Does cardio kill gains? Here’s what the science says

Cardio can cause gains to be lost Cardio workouts are often viewed as limiting “gains” or preventing muscle growth. Research shows that cardio can also inhibit resistance training’s muscular adaptations.

Concurrent training is a combination of cardio and weight training. This helps to understand the science and research behind the potential downsides.

Heather Hart is an ACSM-certified exercise professional, RRCA-certified running coach, and co-owner of Hart Strength and Endurance coaching. We spoke to Heather Hart about how they can maximize their results in the gym.

Hart states that there is not enough evidence to prove cardio can hinder muscular adaptations in weightlifting or other strength training exercises.

Hart says that “numerous studies have shown that concurrent strength and cardio training can lead to decrements in strength, power and muscular hypertrophy.” However, other studies show that adding cardio and resistance training can not hinder strength or muscle gains. Hart cites a recent review in Sports Medicine.

Studies examining the possible adverse effects of concurrent training on muscle strength and muscle adaptations found that concurrent training only affects explosive strength, not muscle hypertrophy or strength. A 2018 review was published in the Sports Journal.

Journal found that some cardio exercises, such as HIIT, have a lower or negligible effect on resistance-training-induced muscle adaptations.

Hart explains the possible mechanisms behind cardio exercise being counterproductive to your hard work in the gym. Hart says that cardio exercise can cause interference with molecular pathways involved in adaptations to strength training.

Hart explains that there are two pathways to cell metabolism and growth in our bodies when it comes down to adapting to exercise. The mTOR pathway is activated during resistance training and the AMPK pathway is activated during aerobic exercise (cardio). The AMPK pathway could be inhibited or downregulated by concurrent training. A decrease in mTOR may cause inhibition of protein synthesis or interfere with the building of muscle.

Hart states that this could mean that resistance training may not yield the desired results if you combine cardio or aerobic exercise with strength training. This can also inhibit muscle hypertrophy.

“Another theory states that cardio and resistance training can cause individuals to be fatigued and to deplete their energy stores, which in turn causes them not to lift as much or with the same frequency and volume that they would have if they were doing it alone. This could inhibit their potential gains,” says Syas Hart.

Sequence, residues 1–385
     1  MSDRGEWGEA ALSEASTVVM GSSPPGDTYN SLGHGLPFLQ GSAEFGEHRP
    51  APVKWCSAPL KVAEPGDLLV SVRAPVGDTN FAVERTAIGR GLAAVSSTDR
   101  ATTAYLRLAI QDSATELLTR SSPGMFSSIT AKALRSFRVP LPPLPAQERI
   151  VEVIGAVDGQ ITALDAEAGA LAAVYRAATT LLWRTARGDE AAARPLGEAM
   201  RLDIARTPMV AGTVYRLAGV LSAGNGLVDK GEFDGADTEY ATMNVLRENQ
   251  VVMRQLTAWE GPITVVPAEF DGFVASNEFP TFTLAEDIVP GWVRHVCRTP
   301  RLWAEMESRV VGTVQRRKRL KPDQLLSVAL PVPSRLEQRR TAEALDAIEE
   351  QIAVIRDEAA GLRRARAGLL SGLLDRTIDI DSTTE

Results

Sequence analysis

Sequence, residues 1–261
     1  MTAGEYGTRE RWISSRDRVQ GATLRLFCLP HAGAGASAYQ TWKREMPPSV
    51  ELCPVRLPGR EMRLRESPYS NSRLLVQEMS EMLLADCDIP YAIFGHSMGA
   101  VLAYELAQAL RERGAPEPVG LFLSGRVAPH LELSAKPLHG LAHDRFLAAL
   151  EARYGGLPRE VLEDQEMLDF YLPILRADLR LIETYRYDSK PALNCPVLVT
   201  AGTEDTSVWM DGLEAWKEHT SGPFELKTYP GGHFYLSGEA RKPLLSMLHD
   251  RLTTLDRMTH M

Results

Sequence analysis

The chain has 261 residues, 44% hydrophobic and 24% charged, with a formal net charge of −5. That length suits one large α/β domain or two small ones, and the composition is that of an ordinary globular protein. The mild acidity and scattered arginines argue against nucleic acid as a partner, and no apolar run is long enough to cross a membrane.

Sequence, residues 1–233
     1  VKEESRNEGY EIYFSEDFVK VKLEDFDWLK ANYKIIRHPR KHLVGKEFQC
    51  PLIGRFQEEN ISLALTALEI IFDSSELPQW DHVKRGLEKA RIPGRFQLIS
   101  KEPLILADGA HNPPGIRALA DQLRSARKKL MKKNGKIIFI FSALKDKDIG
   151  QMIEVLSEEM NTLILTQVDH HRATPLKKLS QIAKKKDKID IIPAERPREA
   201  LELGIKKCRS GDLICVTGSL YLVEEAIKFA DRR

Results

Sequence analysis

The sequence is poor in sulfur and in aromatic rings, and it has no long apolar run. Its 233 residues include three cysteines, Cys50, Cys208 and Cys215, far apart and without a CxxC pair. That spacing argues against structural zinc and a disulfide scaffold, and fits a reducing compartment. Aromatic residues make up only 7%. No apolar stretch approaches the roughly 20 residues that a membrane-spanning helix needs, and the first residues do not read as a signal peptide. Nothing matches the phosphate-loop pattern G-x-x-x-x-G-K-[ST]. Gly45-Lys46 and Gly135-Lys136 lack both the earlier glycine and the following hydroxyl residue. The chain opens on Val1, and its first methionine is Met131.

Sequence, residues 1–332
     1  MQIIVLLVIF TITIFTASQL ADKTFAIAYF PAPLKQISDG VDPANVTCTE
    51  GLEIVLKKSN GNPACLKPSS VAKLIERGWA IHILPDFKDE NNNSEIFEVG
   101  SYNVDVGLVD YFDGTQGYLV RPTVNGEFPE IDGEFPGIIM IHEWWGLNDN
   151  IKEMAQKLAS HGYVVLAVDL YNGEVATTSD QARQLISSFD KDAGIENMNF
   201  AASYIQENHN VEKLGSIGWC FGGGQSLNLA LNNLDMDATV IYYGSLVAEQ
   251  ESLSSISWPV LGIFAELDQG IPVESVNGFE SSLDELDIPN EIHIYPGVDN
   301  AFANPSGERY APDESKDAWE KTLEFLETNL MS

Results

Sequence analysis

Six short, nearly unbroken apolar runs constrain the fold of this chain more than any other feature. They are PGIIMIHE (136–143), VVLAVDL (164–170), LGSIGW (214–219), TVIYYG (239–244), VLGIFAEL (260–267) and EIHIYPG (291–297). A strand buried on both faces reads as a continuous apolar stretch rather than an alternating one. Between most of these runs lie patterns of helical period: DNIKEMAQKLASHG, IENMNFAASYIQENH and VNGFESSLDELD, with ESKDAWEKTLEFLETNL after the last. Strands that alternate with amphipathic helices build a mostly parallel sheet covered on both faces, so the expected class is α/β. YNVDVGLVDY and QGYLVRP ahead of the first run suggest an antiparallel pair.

You won’t get the same results if you try to do too many workouts in one session, or eat too little between them, and you won’t be as able to push your body to the limit and reap the same rewards if you are fully rested.

Hart states that prolonged cardio (greater then 90 minutes) increases the chance that your body will use protein as a source for energy and speeds up muscle protein breakdown. While muscle protein synthesis following exercise can replenish the protein lost (in combination with protein and/or amino acid consumed through food), it typically brings the muscle protein balance back down to net neutral.

Translation: You aren’t losing muscle mass but you aren’t gaining it.

Hart believes it is possible to combine cardio and weight training without compromising your gains. Here are her top tips on concurrent training.

  • You can space out your workouts. Rather than doing cardio and resistance training in one session, try spacing them by at least six hours. 24 hours would be a good option.
  • Hart suggests prioritizing the type of exercise you want to do based on your goals. Hart states that cardio and weight training should be done in the same session. She says that if your goal is to increase strength or muscle size, you will want to lift weights first before doing your cardio. Cardio should not be more than 90 minutes if your goal is muscular hypertrophy. This is when protein breakdown occurs.
  • You must fuel right. Cardio can cause muscle loss and weakening if you don’t eat enough calories or get the proper nutrients. Hart says that you will need to increase your caloric intake to give yourself enough energy for both exercises. Hart also suggests that you need additional’materials’ in order to repair and build muscle. Hart adds that for those who focus on strength training, this could mean eating more carbs to support their cardio. Cardio fans such as runners and cyclists may need to add strength training. This could mean eating more protein to support hypertrophy.

Fasting cardio affect muscle growth?

Hart says that there is a possibility. She says that glycogen is the preferred energy source for steady-state aerobic exercise. “When glycogen is scarce, our bodies can convert protein (from muscle) to amino acids. These amino acids are then converted into glucose, providing energy that contributes up to 18%.

She explained that while exercise can inhibit protein synthesis (or the building, repairing and growth of muscles), it is stimulated immediately after an exercise. Most of the time, protein can be replenished by eating protein after exercise. Fasted cardio can change this situation.

Hart says that studies show that it is more difficult to replace protein lost after fasted cardio because muscle protein breakdown is likely to be greater in the fasted state. Hart says that muscle protein synthesis must be greater than muscle protein breakdown in order to cause hypertrophy. Without adequate food intake, this cannot happen.”

Hart cites the AMPK metabolic pathway as being activated in energy-depleted state like steady-state cardiovascular exercise. This is especially true when it fasts. This could in turn lower the mTOR pathway and inhibit muscle growth.